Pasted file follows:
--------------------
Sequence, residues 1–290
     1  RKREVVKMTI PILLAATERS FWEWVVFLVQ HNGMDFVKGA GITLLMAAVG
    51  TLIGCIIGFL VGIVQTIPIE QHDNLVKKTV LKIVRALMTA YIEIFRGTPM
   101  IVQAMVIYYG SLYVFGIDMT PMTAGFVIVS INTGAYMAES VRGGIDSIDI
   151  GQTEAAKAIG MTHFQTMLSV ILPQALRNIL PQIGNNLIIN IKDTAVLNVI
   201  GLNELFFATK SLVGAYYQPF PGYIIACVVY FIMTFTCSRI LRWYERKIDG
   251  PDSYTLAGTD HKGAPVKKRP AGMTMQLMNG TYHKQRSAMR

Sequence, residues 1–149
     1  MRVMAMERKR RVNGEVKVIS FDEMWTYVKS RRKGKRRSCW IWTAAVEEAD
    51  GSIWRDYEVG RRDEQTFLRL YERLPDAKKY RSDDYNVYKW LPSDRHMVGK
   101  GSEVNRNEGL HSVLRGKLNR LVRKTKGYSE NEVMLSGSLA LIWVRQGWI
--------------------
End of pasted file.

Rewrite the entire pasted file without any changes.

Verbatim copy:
Sequence, residues 1–290
     1  RKREVVKMTI PILLAATERS FWEWVVFLVQ HNGMDFVKGA GITLLMAAVG
    51  TLIGCIIGFL VGIVQTIPIE QHDNLVKKTV LKIVRALMTA YIEIFRGTPM
   101  IVQAMVIYYG SLYVFGIDMT PMTAGFVIVS INTGAYMAES VRGGIDSIDI
   151  GQTEAAKAIG MTHFQTMLSV ILPQALRNIL PQIGNNLIIN IKDTAVLNVI
   201  GLNELFFATK SLVGAYYQPF PGYIIACVVY FIMTFTCSRI LRWYERKIDG
   251  PDSYTLAGTD HKGAPVKKRP AGMTMQLMNG TYHKQRSAMR

Sequence, residues 1–149
     1  MRVMAMERKR RVNGEVKVIS FDEMWTYVKS RRKGKRRSCW IWTAAVEEAD
    51  GSIWRDYEVG RRDEQTFLRL YERLPDAKKY RSDDYNVYKW LPSDRHMVGK
   101  GSEVNRNEGL HSVLRGKLNR LVRKTKGYSE NEVMLSGSLA LIWVRQGWI